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Domestic-violence case against Barnaby not being revived after DWI, Sedita says

The domestic-violence case against former Buffalo Sabres player Matthew T. Barnaby that was adjourned in anticipation of dismissal next July will not be resurrected following his most recent run-in with the law, Erie County District Attorney Frank A. Sedita III says.

Barnaby, 38, of Clarence, pleaded guilty last week to driving while intoxicated and other charges in Clarence Town Court after he was pulled over early Dec. 5 while driving his sport utility vehicle on three wheels.

He faced Sedita's discretion over whether to repursue the earlier charge from last May.

Sedita initially filed a motion to reinstate the former charges after Barnaby's most recent arrest.

"We decided to withdraw the motion because Barnaby met all three conditions," Sedita said late Wednesday.

Those conditions included:

*Barnaby pleading guilty Dec. 13 to DWI and vehicle and traffic offenses of refusing to submit to a chemical test, operating with an unsafe tire and failing to notify the state Department of Motor Vehicles of an address change for the latest early morning incident.

*Both parties in the domestic incident -- Barnaby's ex-wife, with whom he is reportedly reconciling, and her friend -- told Sedita that they didn't wish to have it reprosecuted.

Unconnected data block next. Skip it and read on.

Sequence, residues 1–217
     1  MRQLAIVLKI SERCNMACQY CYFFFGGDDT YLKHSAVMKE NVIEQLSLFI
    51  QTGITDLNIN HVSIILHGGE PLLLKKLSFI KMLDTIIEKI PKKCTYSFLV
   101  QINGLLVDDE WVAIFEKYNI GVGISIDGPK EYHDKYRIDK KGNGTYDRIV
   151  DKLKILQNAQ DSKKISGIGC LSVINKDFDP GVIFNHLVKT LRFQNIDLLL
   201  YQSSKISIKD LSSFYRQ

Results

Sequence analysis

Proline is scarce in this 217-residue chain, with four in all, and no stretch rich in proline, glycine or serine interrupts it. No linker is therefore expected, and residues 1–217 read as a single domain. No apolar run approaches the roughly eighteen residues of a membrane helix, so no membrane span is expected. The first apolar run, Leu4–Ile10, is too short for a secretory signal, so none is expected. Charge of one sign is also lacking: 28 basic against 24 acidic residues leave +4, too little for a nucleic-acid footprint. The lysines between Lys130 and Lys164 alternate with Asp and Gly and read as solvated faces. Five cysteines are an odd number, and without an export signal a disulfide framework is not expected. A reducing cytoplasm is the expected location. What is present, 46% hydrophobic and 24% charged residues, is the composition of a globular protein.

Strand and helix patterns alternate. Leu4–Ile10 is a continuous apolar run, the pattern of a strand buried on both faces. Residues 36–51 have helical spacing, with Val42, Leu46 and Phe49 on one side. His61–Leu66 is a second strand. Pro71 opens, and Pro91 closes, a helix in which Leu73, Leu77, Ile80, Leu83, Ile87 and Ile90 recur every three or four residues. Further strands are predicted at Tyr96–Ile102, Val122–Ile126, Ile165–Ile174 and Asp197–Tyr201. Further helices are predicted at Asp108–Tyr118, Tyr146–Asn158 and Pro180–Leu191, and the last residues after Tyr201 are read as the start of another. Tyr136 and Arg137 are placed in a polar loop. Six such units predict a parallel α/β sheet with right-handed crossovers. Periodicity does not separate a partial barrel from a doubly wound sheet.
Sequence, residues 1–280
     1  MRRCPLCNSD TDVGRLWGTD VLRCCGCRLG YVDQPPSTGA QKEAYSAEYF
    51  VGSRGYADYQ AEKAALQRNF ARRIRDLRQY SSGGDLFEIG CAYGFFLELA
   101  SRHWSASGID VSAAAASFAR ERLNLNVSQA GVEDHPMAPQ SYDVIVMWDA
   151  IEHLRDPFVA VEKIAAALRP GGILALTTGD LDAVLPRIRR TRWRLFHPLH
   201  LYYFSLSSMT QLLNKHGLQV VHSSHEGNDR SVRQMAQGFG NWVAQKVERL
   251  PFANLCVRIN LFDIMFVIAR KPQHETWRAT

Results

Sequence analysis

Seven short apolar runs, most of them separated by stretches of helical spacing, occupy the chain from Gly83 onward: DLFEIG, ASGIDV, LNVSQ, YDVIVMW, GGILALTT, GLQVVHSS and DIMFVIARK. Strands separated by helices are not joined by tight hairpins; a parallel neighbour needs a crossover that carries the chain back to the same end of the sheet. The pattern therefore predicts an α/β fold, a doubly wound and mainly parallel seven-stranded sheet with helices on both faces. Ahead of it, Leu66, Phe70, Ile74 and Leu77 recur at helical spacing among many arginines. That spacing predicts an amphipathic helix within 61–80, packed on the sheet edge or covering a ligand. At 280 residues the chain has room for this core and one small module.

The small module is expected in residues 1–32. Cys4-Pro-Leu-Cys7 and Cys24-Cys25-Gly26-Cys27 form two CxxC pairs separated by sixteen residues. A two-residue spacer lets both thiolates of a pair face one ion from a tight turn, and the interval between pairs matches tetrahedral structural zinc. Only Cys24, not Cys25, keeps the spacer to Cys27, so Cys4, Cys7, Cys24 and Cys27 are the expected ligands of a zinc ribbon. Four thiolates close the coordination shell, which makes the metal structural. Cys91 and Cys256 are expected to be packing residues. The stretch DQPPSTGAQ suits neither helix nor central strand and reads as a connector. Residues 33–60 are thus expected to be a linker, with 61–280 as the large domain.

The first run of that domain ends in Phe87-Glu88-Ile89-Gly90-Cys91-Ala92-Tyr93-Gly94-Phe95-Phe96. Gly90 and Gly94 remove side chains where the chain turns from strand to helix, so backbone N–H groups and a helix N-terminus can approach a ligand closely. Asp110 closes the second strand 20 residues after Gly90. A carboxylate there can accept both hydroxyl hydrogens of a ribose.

*Both the Amherst police and officials from the Erie County Sheriff's Office agreed to those terms, and also felt that it wasn't necessary to revisit the prior case.

Should Barnaby get in trouble again between now and July, however, Sedita said, the option remains to reopen the domestic-violence case.

The latest legal maneuver by the district attorney doesn't necessarily get Barnaby out of the woods in terms of possible deportation. That decision, following his conviction to DWI and the other charges, remains in the hands of U.S. Immigration and Customs Enforcement.

Barnaby, after his guilty plea, was sentenced by Clarence Town Justice Michael B. Powers to court-ordered rehabilitation, including inpatient counseling, fines and surcharges of nearly $2,000, the suspension of his driver's license for a year, 100 hours of community service and installation of an ignition interlock device on his vehicle.